So you might be thinking ‘what can I do about my abdominal separation’? Luckily, there are specific exercises you can do to help your abdominal muscles recover, and I am here to help explain it to you. Find out more on our ‘Abdominal Separation Recovery Programmehere.

What exercises should a postnatal fitness programme include?

mumbabyexerciseSo you just had your 6-8 weeks postnatal check up with your GP, who gave you the green light to exercise. Or you had a C-section and now that you are 12 weeks postnatal, you want to get back into a training routine. You have certain fitness goals, e.g. lose baby weight, improve your abs, work on your posture, but what exercises are safe and effective, and what exercises should be avoided? As a trainer specialized in pre and postnatal fitness, I highly recommend a programme that is specficially designed for new mums. A good postnatal programme should contain the following components:

A good warm up:

This is essential in all training programmes, to warm up the muscles, joints, and slowing increasing the heart rate. This is especially important for postnatal women as body is still recovering, and a slightly longer warm up period is required.

Strength training:

Lower body strength training – glutes and legs

The glutes (butt muscles) are often weakened during pregnancy, as the pelvis tips forwards to allow the baby bump to expand. By strengthening the glutes, the pelvis becomes more stable. This in turn means butt muscles become more toned, pregnancy posture fixed, and the strength makes everyday tasks easier.

Exercises for the legs and glute are wonderful. Not only these muscles become more toned and change the shape of your legs and bum, they are also large muscle groups which burn a lot of calories! And big calorie burn means fat loss – which happens in your entire body. My favourite lower body exercises are the squats and lunges.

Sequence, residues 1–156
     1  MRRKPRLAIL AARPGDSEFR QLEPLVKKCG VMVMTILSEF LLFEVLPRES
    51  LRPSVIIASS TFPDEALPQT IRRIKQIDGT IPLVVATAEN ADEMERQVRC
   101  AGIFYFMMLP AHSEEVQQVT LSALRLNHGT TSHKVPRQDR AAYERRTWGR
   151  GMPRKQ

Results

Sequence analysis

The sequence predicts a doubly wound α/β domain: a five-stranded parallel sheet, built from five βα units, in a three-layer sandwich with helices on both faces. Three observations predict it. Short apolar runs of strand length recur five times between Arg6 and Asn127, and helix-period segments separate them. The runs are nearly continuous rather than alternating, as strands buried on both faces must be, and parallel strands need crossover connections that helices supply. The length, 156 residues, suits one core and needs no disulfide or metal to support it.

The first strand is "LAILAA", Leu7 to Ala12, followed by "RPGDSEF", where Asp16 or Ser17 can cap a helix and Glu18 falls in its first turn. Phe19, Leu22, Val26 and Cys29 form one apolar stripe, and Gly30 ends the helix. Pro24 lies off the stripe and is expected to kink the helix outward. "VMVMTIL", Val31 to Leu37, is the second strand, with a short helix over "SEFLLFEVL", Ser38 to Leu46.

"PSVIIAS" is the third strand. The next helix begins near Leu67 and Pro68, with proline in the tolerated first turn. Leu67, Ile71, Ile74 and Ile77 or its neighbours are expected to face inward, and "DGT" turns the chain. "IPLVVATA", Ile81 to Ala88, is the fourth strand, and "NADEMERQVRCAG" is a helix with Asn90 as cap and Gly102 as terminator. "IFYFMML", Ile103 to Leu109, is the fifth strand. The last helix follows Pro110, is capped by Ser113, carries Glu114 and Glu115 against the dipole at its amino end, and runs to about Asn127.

Upper body strength training – shoulders, chest, back and arms

Strengthening the upper body is essential for any new mum. During pregnancy and breastfeeding, the bump of the baby and the weight of the breasts shift the centre of gravity forwards, causing the shoulders round slightly. Working on the shoulders and chest will help correct the new mum posture, allowing you to tone your shoulders and chest and stand up tall.

Strong upper back and arms are just as important. Mums use a lot of their upper body to carry out every day tasks: bending down and lifting the baby / toddler, pushing the pram, feeding the baby, changing nappies, bending down again to clean and tidy up the room, stretch up high to reach things in the cupboard, and sometimes holding a toddler in one hand while carring shopping in the other. Having good upper body strength will certainly make these tasks more effortless. Continue reading

Top 10 tips on post-natal exercise

Are you mum-to-be who is planning ahead on losing baby weight after baby is born? Or are you a new mum who is keen on getting fit ?

Here are 10 tips which might help you get started.

1.  Get the all-clear from your GP at your post-natal check up. This is usually 6-8 weeks after a vaginal birth and 12 weeks after a C-section.

2. Listen to your body and adjust the intensity of the workout accordingly.  Some days you might feel you are up for a challenge, and some days you might feel a bit drained, perhaps due to lack of sleep. When you are tired, you are more prone to injury. The best thing to do is to stick to the workout, but lower the intensity, and aim to feel better and more energized after the workout.

3. Drink plenty of water before, during and after exercise. It is important to stay hydrated, especially if you are breastfeeding.

4. Wear a supportive sports bra.  If you are breastfeeding, make sure you use nursing pads during a workout as arm movements may promote milk flow.

5. Exercise your pelvic floor muscles reguarly.  If you have weak pelvic floor, focus on strengthening these muscles and avoid plyometric moves, jumping, or anything that puts pressure on the pelvic floor.